Womens Health

What is an Ectopic Pregnancy?

An ectopic pregnancy is one that cannot make it to full term as a result of the location of the baby's development. The pregnancy develops outside of the woman's uterus because the fertilized egg from the ovary does not implant itself as it should, normally, in the uterus. The most common site for the ectopic pregnancy is in the fallopian tubes, which is called a tubal pregnancy. However, these pregnancies can also occur on the outside of the uterus, on the ovaries, or attached to the bowel.

Causes of Ectopic Pregnancies

There is an increased chance that you might have an ectopic pregnancy if you have experienced certain conditions. If you've had tub infections (salpingitis) such as a pelvic inflammatory disease, chlamydia, or gonorrhea, you are more likely. Similarly, if you've had surgery inside the abdomen, particularly if the surgery involved the fallopian tubes, ovaries, uterus, lower abdomen or bowels, you are at higher risk. You may be at risk if you were using fertility medications at the time of conception, if you have a past history that includes tubal pregnancies, or if you became pregnant while you were using an IUD. The reason for this last one is that normal pregnancies are highly unlikely if the IUD is in place. The IUD does not, in itself, increase your risk of having an ectopic pregnancy, but if you become pregnant while using one, chances are that the pregnancy is not developing inside the uterus.

Symptoms of an Ectopic Pregnancy

Very often, when someone is experiencing an ectopic pregnancy, they may think that they are having a miscarriage. Symptoms include abdominal and pelvic pain and vaginal bleeding. An ectopic pregnancy becomes a real emergency if you have a ruptured ectopic pregnancy. You need to call 911 in this type of situation, which is usually indicated with lightheadedness and dizziness, pale complexion, clammy-feeling skin, sweating, a fast heartbeat over 100 beats per minute, and abdominal or pelvic pain that is severe enough to keep you from standing.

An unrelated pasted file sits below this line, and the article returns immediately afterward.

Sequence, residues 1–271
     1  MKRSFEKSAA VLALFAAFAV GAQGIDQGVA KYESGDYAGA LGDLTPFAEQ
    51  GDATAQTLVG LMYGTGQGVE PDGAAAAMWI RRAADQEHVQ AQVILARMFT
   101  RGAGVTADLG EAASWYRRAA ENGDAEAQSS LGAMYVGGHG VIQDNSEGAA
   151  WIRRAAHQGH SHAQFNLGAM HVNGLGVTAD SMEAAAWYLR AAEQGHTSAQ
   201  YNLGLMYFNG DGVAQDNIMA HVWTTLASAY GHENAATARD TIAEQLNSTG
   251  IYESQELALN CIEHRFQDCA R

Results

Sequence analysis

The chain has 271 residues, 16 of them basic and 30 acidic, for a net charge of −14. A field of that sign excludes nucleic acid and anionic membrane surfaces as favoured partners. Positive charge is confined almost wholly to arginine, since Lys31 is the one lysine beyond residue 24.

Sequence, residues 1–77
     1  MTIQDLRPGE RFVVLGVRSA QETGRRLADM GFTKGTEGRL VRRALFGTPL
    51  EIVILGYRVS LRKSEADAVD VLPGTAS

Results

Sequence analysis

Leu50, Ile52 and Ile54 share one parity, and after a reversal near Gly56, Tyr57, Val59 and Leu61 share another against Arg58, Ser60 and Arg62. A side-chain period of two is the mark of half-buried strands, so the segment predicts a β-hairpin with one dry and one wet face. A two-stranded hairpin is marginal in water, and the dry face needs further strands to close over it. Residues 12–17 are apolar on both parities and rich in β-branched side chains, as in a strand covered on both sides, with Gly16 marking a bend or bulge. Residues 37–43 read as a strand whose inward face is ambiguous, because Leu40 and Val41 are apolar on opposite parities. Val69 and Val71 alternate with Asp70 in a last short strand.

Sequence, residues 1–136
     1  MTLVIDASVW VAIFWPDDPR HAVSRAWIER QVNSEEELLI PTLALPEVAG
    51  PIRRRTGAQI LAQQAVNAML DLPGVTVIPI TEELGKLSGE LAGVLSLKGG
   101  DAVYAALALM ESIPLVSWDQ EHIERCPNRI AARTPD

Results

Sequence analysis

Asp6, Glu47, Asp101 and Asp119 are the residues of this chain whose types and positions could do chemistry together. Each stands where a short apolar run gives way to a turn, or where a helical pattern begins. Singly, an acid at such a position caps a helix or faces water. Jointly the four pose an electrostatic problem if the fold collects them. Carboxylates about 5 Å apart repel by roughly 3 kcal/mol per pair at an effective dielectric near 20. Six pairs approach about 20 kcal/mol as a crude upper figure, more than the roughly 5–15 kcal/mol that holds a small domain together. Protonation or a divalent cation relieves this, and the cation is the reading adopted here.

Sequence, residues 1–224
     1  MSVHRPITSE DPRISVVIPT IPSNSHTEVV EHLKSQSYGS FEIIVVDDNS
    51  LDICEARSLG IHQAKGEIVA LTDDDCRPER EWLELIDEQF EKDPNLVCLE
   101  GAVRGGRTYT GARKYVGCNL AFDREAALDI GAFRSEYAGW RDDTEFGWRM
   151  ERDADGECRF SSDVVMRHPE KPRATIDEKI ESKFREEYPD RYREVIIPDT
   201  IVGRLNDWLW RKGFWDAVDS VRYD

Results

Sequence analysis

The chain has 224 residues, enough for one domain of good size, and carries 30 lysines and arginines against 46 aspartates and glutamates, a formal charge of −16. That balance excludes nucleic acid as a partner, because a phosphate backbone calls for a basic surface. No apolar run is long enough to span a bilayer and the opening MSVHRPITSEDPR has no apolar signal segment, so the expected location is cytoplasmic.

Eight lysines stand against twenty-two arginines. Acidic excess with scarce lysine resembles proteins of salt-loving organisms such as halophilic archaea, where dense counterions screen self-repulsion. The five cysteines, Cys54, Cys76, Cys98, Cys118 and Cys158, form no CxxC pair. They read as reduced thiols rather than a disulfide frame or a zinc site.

How to Know When To Seek Help

Since an ectopic pregnancy often feels like a miscarriage, it's hard to know when to seek help. In general, if you are pregnant and experiencing unusual abdominal pain or vaginal bleeding, you should contact your doctor. Whether it's a miscarriage or an ectopic pregnancy, they'll want to examine you and see what is going on. If you can't reach your doctor, or if your symptoms become more severe, you should go to the hospital and check into the emergency room. You should certainly go to the emergency room directly if you have severe stomach pains, heavy vaginal bleeding, dizziness when standing, and if you are passing out or falling down.

If you are pregnant, hoping to become pregnant, or have many of the risk factors for ectopic pregnancies, it is certainly important to know all of the facts about it. You should be aware of this possibility and look for warning signs. Hopefully, you won't experience a pregnancy of this sort, but it's always important to be educated and to know what to expect when a situation arises.


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